This is vital for us to grasp because for too long we have held a strange dualism that has only given significance to activities that are seen as ‘spiritual.’ Something as mundane as food could never be a subject that Christians should be interested in! But Genesis 1 teaches us that this is wrong. God is interested in everything that he has created and so how we eat is every bit as important to Him as any other area of our lives.
2 Food is enough (Micah 4:1-5)
We live in a world in which 870 million people suffer from hunger and in which undernutrition contributes to five million deaths of children under five each year in developing countries. Women make up a little over half of the world’s population, but account for over 60 percent of the world’s hungry.
One out of four children – roughly 146 million – in developing countries is underweight, and 66 million primary school-age children attend classes hungry across the developing world, with 23 million in Africa alone. At the same time, around 500 million adults are obese and 40 million children under the age of five are overweight.
A Biblical picture of contentment and security
It is with these figures ringing in our heads that we read the beautiful description in Micah 4 of what God intends the world to look like: a time when there will be no more conflict and people will follow God’s good laws and walk in His paths. In the midst of this we are assured that ‘everyone will sit under their own vine and under their own fig-tree’. It is an inspirational picture of balance and enough: a depiction of contentment and security.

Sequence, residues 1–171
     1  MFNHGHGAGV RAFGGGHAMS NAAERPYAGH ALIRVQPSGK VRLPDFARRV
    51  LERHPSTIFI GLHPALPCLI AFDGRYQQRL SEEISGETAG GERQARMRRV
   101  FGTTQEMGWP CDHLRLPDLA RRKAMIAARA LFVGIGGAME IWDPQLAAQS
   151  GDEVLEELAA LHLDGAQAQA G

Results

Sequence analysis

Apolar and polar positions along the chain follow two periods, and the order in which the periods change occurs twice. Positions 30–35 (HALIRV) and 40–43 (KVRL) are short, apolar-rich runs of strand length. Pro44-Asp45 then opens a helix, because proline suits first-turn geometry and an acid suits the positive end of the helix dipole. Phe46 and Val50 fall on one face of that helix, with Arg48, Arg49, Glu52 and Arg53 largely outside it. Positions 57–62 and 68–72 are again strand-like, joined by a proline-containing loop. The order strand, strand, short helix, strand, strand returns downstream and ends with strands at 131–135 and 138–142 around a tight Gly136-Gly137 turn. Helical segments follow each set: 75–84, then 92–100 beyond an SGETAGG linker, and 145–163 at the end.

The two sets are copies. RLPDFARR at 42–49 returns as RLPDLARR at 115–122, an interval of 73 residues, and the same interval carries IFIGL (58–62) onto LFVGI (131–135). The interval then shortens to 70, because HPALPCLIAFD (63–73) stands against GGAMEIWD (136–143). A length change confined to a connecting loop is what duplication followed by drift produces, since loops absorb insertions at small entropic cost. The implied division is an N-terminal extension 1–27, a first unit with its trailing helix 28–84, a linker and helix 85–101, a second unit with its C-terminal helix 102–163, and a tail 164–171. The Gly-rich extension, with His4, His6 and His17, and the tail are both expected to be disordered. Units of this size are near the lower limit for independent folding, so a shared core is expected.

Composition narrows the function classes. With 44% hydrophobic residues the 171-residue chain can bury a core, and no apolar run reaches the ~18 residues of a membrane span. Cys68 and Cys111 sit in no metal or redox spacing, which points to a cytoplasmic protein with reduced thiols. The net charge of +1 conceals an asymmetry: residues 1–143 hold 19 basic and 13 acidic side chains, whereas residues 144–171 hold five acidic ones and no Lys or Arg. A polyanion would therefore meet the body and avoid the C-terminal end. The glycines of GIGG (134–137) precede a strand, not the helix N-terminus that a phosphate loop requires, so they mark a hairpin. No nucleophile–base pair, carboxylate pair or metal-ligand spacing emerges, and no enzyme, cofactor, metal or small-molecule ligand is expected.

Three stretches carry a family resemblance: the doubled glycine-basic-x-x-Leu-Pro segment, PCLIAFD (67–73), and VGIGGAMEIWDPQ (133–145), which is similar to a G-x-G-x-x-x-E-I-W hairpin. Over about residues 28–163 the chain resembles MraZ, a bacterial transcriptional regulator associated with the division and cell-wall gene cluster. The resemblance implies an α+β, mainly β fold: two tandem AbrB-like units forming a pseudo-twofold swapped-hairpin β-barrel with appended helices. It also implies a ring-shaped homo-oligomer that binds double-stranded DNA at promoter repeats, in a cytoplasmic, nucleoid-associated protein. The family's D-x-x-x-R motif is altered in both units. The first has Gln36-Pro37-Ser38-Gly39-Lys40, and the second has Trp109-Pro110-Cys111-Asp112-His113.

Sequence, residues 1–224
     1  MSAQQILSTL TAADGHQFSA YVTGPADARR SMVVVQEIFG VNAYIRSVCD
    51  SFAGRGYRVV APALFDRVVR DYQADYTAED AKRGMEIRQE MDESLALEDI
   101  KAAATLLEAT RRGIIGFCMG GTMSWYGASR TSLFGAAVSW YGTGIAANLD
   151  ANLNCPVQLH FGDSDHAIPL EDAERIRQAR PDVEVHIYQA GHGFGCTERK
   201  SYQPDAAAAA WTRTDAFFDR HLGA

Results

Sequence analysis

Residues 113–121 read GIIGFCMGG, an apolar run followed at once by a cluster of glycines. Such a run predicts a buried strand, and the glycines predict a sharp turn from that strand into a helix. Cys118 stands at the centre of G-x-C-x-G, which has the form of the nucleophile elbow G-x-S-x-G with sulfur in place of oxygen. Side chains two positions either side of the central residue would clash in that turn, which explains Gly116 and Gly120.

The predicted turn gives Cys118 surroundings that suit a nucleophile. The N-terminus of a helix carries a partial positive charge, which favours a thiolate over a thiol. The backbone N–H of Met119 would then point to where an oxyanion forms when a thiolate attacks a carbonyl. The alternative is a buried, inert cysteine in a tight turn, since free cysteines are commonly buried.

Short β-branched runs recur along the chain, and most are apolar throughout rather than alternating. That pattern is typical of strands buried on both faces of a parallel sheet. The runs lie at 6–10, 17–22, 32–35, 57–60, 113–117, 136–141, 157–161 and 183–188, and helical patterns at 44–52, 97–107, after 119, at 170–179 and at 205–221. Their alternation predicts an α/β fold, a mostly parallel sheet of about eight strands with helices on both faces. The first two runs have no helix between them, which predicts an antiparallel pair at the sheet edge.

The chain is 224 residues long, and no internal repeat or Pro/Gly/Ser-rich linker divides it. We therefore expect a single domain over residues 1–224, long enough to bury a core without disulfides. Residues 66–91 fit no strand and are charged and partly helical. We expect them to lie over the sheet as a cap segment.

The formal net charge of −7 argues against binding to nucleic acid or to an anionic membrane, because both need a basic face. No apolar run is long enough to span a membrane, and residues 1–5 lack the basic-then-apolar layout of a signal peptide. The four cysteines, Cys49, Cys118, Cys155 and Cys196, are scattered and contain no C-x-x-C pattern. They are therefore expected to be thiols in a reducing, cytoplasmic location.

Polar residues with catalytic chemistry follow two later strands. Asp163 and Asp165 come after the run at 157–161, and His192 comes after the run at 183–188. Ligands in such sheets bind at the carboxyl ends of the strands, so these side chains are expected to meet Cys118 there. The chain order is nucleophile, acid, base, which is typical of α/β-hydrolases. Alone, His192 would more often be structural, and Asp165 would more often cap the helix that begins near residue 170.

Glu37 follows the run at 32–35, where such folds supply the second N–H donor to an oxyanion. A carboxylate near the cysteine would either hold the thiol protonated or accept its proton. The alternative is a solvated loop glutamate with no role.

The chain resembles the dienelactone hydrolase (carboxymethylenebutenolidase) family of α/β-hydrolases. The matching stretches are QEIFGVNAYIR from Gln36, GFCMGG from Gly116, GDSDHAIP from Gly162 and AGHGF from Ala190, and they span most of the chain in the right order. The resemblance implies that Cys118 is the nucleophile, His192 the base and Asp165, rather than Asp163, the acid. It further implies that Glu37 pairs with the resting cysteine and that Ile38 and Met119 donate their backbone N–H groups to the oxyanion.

Our modern food system is implacably opposed to such a picture. It creates bigger and bigger farms and places control in the hands of fewer and fewer companies. The debate that currently rages around our world is between countries and businesses who fight for food security, and farmers and individuals who fight rather for food sovereignty. These are two very different systems and produce two very different results.